WE NEED YOUR HELP — Support your hometown newspaper by making a donation.

Elmont welcomes first black assistant chief


When Jeffrey Dupoux was a teenager, his cousin introduced him to the Uniondale Fire Department where he volunteered. There, Dupoux saw how hard work and structure could mold young people into mature adults and role models. So in 2005, at age 19, Dupoux joined the Elmont Fire Department’s Hook and Ladder Company No. 2.

Dupoux was surrounded by adults who mentored and taught him about the importance of being a first responder for his community, and soon enough, he became a department staple. Now 33, he was recently named Elmont Fire Department’s third assistant chief, and at an April 27 installation ceremony, he became Elmont’s first black firefighter to earn the post.

“I’ve gone through the ranks,” Dupoux said. “I served as second lieutenant, then first, then captain, so assistant chief was the next logical step for me.”

As the Elmont Fire Department’s first black assistant chief, Dupoux represents a new era at the fire department. In the U.S., about 85 percent of all firefighters are white, according to census data, and this was also true for Elmont when Dupoux first joined. Dupoux said the Elmont Fire Department was predominately white in 2005, but over the years that he has been there, it has increasingly come to reflect the community’s diverse racial makeup.

“We’ve grown into a melting pot of the cultures here,” he said.

In its 2017 report on the cultural shifts inside the country’s volunteer fire departments, the National Volunteer Fire Council concluded that firehouses with a diverse volunteer force were more successful in recruitment than homogenous ones.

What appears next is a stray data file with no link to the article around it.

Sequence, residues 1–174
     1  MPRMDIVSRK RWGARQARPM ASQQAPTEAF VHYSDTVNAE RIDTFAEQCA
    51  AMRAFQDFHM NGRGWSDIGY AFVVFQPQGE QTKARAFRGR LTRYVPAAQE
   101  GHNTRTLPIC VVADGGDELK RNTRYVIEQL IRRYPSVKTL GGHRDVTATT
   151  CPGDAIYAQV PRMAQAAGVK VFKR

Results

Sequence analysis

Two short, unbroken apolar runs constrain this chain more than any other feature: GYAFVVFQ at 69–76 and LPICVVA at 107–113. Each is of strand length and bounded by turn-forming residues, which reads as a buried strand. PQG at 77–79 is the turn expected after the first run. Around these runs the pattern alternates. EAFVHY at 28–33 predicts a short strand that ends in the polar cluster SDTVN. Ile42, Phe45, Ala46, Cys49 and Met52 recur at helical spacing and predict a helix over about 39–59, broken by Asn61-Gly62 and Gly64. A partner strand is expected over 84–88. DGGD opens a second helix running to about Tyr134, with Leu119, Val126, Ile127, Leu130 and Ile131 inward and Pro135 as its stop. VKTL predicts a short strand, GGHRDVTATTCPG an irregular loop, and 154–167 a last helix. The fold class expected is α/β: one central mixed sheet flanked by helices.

The report urged fire departments to ensure that their firehouses reflect community demographics. The report also outlined how fire departments could face waning recruitment numbers and community involvement unless residents could see people like themselves in their local fire departments.

Council officials wrote that diversity and inclusion created a “win-win situation,” which attracts both new recruits and existing volunteers, while enhancing “how volunteers treat [residents] in diverse communities and raise the reputation of the department.”

The Elmont Fire Department has worked to attract a diverse crew of firefighters. During its second open house recruitment day last fall, dozens of teenagers and young adults visited to the department’s district building to meet with volunteers and learn about all the department does for the local community. Elmont Engine No. 2 2nd Lt. Christopher Pierre said the open house was important to recruit students from Elmont Memorial and Sewanhaka high schools, who are mostly black, Hispanic and Indian.

“There’s this big misconception about the demographics in firefighting, that it’s just a white thing,” said Pierre, whose Engine No. 2 boasts a large number of Haitian-American volunteers. “But we represent everyone in our communities.”

Dupoux said brotherhood was one of the key factors in the department’s retention process. He said he enjoyed instilling in the new recruits the same volunteer and mentorship virtues that led to his own success in the department. Dupoux worked with about eight teenagers last year. While some may leave the department in a few years, Dupoux said he felt confident that each would succeed at whatever path they choose.

“Seeing the guys mature in front of our eyes, seeing how they develop, that’s the real thing you don’t forget here,” he said. “That’s what sticks out most in my time here.”